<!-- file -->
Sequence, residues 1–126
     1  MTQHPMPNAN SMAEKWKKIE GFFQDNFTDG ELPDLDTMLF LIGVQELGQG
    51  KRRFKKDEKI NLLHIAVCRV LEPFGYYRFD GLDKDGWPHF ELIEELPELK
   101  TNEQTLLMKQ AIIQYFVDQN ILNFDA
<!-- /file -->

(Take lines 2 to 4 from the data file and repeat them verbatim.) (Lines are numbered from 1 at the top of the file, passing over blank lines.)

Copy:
     1  MTQHPMPNAN SMAEKWKKIE GFFQDNFTDG ELPDLDTMLF LIGVQELGQG
    51  KRRFKKDEKI NLLHIAVCRV LEPFGYYRFD GLDKDGWPHF ELIEELPELK
   101  TNEQTLLMKQ AIIQYFVDQN ILNFDA